By Michael E. Miller
By Ryan Yousefi
By Kyle Munzenrieder
By Sabrina Rodriguez
By Michael E. Miller
By Carlos Suarez De Jesus
By Luther Campbell
By Kyle Munzenrieder
So we got Rudy Crew. The new superintendent of the Miami-Dade school system is a savvy man. Masterfully coquettish in handling many suitors from different cities vying for his acceptance, he had us chasing and panting right up until the last second. We won his hand, and Crew gained not only a sizable six-year contract (worth more than $400,000 the first year), but a widely varied contingent of supporters, including, significantly, business and civic leaders who sweetened the deal with a forgivable home loan.
One example of Crew's astute self-marketing came a couple of weeks before the contract was signed. After meeting with groups of district employees and parents, he strode into a conference room to face the local media at the Greater Miami Convention and Visitors Bureau. Wearing a black suit with subtle pinstripes and a royal purple tie, Crew cut a smooth figure, seeming very capable with the clichés of modern speechifying. In handling the press, he showed that he is able to think on his feet and convey a pleasing, if vague message. The Miami district is, he said, like a "diamond in the rough," full of people who exude a "quiet, guarded optimism."
In one instance, Crew was asked by Spanish-language media whether he could say anything en español. He gamely responded with a short burst of Spanish before losing it. "Um, I'll say it in English and then butcher my way through in Spanish," he said, launching into a spiel. "In Spanish?" one of the reporters reminded him hopefully. "Uh, this is going to be a problem," he acknowledged.
Beyond this exchange, the press conference and Crew's handling of the negotiations clearly sent the message: "Look, I'm willing to play, but it's my game."
But Crew, once the chancellor of the New York City public schools under its autocratic mayor, Rudy Giuliani, knows that despite the big sloppy wet kiss Miami has just given him, his most definitive moments will likely come near the beginning of his tenure. He will have to push forward as far as he can before losing the momentum of all this goodwill to the sheer size and complexity of the institution. Unlike the New York system, which is contained within five boroughs of one city, Miami encompasses several dozen municipalities.
As with most urban districts, Miami faces the problem of how to stretch a budget over its many acute needs. But Miami also has more than its share of institutional problems created by an insular bureaucratic culture that tends to reward loyalty over competence; the loss of a districtwide leadership and vision created by the implementation of single-member voting districts in 1996; and a largely passive, disaffected community that kept quiet so long as the gravy train of contracts poured hundreds of millions into the local economy.
In 2001 these problems caught up with the system. Scandals broke, the public mood darkened, and a power vacuum was created. Into this opening stepped several new players, including state legislators, community leaders, and business interests. Agendas varied from avarice to relative altruism, but the common theme was an attempt to control the uncontrollable. Thus Merrett Stierheim, already a known public entity as a former county manager with a steady hand, was hired as superintendent by a divided board for the purpose of getting it out of hot water.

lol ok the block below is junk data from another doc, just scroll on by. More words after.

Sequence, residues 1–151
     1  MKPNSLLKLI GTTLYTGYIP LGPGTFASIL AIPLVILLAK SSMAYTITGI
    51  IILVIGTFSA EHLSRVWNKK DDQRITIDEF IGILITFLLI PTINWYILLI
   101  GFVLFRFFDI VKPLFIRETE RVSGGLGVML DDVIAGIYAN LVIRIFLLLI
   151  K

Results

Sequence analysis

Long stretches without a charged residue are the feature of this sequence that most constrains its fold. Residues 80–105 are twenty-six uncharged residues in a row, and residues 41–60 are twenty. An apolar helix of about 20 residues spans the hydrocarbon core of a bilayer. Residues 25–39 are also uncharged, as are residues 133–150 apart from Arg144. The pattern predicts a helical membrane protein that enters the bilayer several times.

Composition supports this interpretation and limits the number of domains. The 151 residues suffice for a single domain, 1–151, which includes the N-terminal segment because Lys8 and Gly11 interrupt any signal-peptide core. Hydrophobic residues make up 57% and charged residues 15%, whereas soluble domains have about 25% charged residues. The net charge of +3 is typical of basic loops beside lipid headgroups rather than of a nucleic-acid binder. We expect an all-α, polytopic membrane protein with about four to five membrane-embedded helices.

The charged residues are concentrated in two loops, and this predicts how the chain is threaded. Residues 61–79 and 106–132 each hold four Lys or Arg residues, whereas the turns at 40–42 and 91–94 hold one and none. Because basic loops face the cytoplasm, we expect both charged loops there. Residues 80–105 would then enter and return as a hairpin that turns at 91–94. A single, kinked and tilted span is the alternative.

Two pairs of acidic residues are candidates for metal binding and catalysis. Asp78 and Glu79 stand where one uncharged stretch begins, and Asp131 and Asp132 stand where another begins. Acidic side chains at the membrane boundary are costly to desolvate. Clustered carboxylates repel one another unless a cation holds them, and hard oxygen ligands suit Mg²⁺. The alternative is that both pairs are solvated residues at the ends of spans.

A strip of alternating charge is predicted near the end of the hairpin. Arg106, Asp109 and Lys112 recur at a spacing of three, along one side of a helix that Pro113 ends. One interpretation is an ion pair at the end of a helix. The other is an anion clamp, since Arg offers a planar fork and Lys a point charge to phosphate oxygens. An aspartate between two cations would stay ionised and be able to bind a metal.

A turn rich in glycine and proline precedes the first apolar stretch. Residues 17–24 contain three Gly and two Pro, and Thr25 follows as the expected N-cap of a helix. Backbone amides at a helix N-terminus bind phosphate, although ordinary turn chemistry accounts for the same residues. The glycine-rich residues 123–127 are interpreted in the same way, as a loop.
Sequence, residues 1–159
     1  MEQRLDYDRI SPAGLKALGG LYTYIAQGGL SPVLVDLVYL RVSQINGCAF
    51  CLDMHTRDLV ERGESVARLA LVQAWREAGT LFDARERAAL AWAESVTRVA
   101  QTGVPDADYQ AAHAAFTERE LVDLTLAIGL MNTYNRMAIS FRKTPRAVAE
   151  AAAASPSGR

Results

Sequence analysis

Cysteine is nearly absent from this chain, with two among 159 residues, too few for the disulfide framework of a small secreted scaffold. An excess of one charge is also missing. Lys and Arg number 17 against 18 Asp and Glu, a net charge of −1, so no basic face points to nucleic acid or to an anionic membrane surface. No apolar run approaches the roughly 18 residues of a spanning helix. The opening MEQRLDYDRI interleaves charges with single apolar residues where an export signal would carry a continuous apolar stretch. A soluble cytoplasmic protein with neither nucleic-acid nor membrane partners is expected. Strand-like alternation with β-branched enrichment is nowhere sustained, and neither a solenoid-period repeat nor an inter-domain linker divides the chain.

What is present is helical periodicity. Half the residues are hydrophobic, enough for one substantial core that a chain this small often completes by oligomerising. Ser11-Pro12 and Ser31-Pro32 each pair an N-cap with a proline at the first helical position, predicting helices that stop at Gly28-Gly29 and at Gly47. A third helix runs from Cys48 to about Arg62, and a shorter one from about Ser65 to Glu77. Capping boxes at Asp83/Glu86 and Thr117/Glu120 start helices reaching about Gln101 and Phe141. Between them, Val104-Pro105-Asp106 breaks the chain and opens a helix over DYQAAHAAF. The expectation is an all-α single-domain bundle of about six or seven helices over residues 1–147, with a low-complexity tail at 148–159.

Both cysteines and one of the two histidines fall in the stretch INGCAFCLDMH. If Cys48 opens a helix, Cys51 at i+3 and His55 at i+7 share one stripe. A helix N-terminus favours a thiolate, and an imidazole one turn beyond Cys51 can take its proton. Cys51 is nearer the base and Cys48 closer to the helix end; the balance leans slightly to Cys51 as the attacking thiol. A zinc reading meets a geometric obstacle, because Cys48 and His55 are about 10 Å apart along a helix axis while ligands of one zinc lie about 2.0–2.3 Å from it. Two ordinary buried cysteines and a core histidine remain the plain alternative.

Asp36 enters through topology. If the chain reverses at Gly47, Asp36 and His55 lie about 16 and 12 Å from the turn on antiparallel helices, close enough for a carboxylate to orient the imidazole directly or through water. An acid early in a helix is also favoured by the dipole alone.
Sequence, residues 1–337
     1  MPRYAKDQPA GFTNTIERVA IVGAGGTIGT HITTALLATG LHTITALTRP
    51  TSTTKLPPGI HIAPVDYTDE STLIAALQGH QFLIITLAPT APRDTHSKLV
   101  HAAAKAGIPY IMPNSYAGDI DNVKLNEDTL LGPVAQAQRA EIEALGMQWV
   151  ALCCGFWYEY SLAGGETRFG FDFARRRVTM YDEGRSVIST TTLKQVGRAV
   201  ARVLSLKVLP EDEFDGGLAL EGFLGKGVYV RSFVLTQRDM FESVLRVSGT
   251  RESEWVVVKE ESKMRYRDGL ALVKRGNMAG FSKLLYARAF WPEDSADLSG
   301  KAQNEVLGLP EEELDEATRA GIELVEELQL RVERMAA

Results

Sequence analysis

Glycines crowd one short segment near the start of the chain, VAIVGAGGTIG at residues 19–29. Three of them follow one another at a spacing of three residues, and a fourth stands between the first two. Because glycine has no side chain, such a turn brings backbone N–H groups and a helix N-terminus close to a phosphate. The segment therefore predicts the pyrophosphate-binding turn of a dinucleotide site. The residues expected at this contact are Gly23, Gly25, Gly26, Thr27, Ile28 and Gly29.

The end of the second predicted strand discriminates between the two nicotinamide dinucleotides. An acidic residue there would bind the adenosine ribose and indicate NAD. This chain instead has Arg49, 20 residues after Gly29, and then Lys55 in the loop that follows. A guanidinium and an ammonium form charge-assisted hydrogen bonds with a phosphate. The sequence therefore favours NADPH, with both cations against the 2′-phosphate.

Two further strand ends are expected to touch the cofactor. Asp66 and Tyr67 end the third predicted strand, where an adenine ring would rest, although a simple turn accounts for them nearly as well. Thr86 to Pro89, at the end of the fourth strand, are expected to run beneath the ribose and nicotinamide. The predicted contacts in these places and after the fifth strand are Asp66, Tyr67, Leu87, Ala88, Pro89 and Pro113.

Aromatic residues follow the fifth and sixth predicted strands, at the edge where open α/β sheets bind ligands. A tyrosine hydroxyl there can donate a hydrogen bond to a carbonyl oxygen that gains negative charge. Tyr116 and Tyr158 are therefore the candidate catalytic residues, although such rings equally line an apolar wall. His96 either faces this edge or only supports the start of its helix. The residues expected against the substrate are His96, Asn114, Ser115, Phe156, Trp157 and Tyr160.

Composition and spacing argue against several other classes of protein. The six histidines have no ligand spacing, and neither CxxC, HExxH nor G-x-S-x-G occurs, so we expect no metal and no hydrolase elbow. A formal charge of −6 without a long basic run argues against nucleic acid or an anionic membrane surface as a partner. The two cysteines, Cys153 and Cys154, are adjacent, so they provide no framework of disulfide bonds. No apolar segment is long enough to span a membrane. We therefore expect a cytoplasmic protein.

Despite his mixed attempts at reform, the main problems of the school district are still the paranoid, bureaucratic culture and deeply dysfunctional business operations. These two interrelated issues helped kill Stierheim's agenda. In the end, his legacy will be that he laid the groundwork for Crew, and that he orchestrated the process that ultimately got Crew hired. In November 2003 Stierheim announced he would appoint a committee of local notables to help select his replacement. His presumption irked board members, but forced them to instead appoint their own committee to give the process more credibility than usual. Another key was the selection of executive search firm Korn/Ferry International, which further signaled that local politics would hold less sway.
Probably the most important appointment was board member Perla Hantman's tapping of Florida International University president Mitch Maidique, who chaired the committee. He, like the others, wanted to get a candidate from outside Miami. At some point along the way, Maidique's considerable ego became intertwined with the outcome of the superintendent search. Maidique got involved in negotiating Crew's contract -- along with board chairman Michael Krop and school district attorney Johnny Brown -- and recommended he meet with people around town. Crew's Korn/Ferry reps asked Stierheim to offer some reassuring words after Crew met with Ralph Arza; the state legislator reportedly strongly impressed upon Crew the need to get along with Republican leaders. Two weeks later, according to sources, Korn/Ferry warned Krop that Crew was about to take a job in St. Louis. Krop called Crew directly and urged him to make one more trip to Miami.
Maidique was also lobbying heavy hitters in the business community to pony up cash to give Crew a signing bonus. This was key, and part of the incentive packages other districts were considering. Maidique gathered a group to throw in on the deal, but by last Friday the specifics had not been nailed down. Over the weekend, the negotiations nearly fell through after it looked like only Maidique and Joe Arriola (Miami's city manager and a wealthy retired businessman) would be signing a promise to loan Crew about $240,000 to buy a house. (Each year Crew stays, the amount he has to pay back is reduced by 25 percent.)